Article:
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How to heal a broken heart
It took me almost 3 years to recover. I hope I can help reduce the recovery time for someone else by sharing my journey and the notion of practising emotional-first aid
In some of my older posts, I had touched upon the fact that I went through a breakup from the sole relationship I've ever been in. It had a massive effect on my body, heart and mind, rendering me unable to do anything and deeply affecting my mental health. I talked about various habits that changed me over the course of several months, while I was in the recovery phase. However, I never fully recovered. Until a year or so ago.
All the usual bad habits commonly associated with heartbreak kept finding their way back to me, from time to time. And I've succumbed to them, more often than not. However, after an intense process of self-reflection and an enormous amount of support from my family and friends, along with the innumerable experiences that life has offered me, I can confidently say that I have healed. And honestly, it has left me much better off than the person who I was before.
Of course, as they say, if you break a plate, you can’t really fix it. The cracks would always be there. However, the plate can still be used again if the parts are joined together, with patience and care. Those are the two most important ingredients in the journey of self-recovery : patience and care. In this post, I want to share what I've learned over the past few years about heartbreak, and I hope to provide a framework for someone going through the same to aid them in their recovery.
1. Don’t run away from it
The first instinct that I had was to hide from the reality staring at my face. Maybe because I felt that I was not strong enough to face it, maybe because I didn’t want to accept it. Hiding meant literally isolating myself from everyone else and thrusting myself into my work day-in and day-out so that I don’t have time to think about it. And it seemed to work, at least for some time. But, in reality, it crippled me. It took away my freedom of thought because I was always afraid to give myself any free time to think. What finally helped was acknowledging that I was hurt and that I was going through a lot of pain - which is completely logical as well and the first real step towards healing. We have to accept the reality or else we’ll never think about what to actually do about it. You might have already heard a lot of what I will say in this post. And that’s true, I’m probably not saying anything new. The only difference is probably hearing about the experience from someone you know who actually went through the pain and came out of it.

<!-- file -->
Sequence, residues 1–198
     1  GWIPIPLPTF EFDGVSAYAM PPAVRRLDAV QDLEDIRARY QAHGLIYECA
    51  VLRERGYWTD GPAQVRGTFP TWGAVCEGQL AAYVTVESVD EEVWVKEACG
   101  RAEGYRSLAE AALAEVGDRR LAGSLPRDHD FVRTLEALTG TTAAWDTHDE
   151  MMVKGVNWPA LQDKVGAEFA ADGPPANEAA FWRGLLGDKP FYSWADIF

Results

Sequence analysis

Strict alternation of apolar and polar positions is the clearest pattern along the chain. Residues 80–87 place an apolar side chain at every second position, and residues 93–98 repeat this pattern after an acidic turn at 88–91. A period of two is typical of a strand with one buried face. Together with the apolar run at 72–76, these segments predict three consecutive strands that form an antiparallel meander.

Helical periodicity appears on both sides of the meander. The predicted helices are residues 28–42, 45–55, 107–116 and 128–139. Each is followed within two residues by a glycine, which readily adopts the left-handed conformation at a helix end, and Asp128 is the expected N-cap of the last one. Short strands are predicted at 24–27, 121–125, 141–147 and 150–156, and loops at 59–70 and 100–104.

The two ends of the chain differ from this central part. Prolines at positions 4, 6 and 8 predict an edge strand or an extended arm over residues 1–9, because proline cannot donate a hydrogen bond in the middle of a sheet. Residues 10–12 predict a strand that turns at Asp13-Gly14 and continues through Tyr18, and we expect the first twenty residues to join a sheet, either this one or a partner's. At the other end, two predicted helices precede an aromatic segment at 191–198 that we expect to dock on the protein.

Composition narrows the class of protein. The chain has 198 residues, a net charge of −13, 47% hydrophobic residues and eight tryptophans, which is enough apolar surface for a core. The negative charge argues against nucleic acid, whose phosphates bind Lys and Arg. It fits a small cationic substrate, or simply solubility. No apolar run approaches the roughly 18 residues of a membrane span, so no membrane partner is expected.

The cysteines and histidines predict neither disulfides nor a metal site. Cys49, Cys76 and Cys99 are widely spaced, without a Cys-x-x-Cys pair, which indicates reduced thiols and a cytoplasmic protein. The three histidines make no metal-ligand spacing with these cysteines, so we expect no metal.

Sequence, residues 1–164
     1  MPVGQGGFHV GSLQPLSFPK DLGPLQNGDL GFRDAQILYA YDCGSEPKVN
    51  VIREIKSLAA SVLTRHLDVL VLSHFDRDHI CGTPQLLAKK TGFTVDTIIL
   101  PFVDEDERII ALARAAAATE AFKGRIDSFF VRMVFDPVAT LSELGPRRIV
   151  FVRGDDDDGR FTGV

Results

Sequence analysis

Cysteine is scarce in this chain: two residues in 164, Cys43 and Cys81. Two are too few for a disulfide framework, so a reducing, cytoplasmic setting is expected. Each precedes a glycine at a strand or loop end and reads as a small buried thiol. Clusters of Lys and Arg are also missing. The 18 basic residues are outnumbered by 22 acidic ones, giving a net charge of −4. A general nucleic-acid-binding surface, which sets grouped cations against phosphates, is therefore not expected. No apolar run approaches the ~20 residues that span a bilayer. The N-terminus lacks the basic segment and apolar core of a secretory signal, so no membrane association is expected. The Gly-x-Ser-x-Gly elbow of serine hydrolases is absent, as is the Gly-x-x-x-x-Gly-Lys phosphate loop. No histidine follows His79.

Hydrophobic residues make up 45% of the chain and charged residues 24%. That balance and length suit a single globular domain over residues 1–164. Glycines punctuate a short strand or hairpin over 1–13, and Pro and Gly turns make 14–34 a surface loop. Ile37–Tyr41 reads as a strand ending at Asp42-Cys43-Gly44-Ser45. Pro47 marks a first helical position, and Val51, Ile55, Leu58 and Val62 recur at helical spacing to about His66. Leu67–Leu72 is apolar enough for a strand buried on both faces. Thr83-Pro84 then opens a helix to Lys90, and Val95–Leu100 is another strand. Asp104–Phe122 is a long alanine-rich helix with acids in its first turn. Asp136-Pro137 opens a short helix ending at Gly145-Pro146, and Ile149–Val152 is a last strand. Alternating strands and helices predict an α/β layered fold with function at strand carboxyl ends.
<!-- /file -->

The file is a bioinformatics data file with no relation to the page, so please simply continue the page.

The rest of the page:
2. Give yourself the chances you would give to someone you love
We tend to always be too hard on ourselves. Especially when we are heartbroken since we already feel responsible for what happened and that inculcates into every aspect of our lives. We start feeling guilty for anything wrong happening around us. Also, we might keep failing in our attempts to recover or build good habits and curse ourselves for not being able to do something simple.
However, we are often very forgiving and considerate when the same mistake is made by someone whom we deeply care about. We keep giving those people a number of chances to make up for their mistakes because we care for them and we want them in our lives. Why can’t we be as considerate and forgiving for our own efforts?
“Don’t be too hard on yourself. There are plenty of people willing to do that for you. Love yourself and be proud of everything that you do. Even mistakes mean you’re trying.”
— Susan Gale
3. Remember what you have now
It’s easy for us to think that shutting ourselves from people who care for us is what we need during this period. But that is precisely the opposite. We might be so obsessed with the heartbreak, that we might downplay the importance of other people in our lives — notably, our family and friends. They are the biggest support system that we have during this phase and our only way to maintain sanity. Even if we don’t share what we are going through, just being around them, going out with them and having a few beautiful moments with them can really help us recognise and appreciate what we still have. It made me value them a lot more than I used to because the thought of them leaving scared the shit out of me. And now, I knew that I can’t them for granted.
Also, and this might seem harsh, it was just a breakup. Not the end of the world. At the moment, that might seem like the biggest tragedy that could’ve ever happened to you. But when you think about the problems that so many people face on a daily basis, you might even consider yourself privileged to have the problems that you do. People are literally dying every day, they don’t have access to food, water, clothing, shelter — the basic human needs, so many people face abuse in so many forms, many people haven’t even seen their family ever since they were born. Acknowledging the privilege that most of us have can go a long way in viewing our situation in the larger scheme of things.
4. Seek help — the power of vulnerability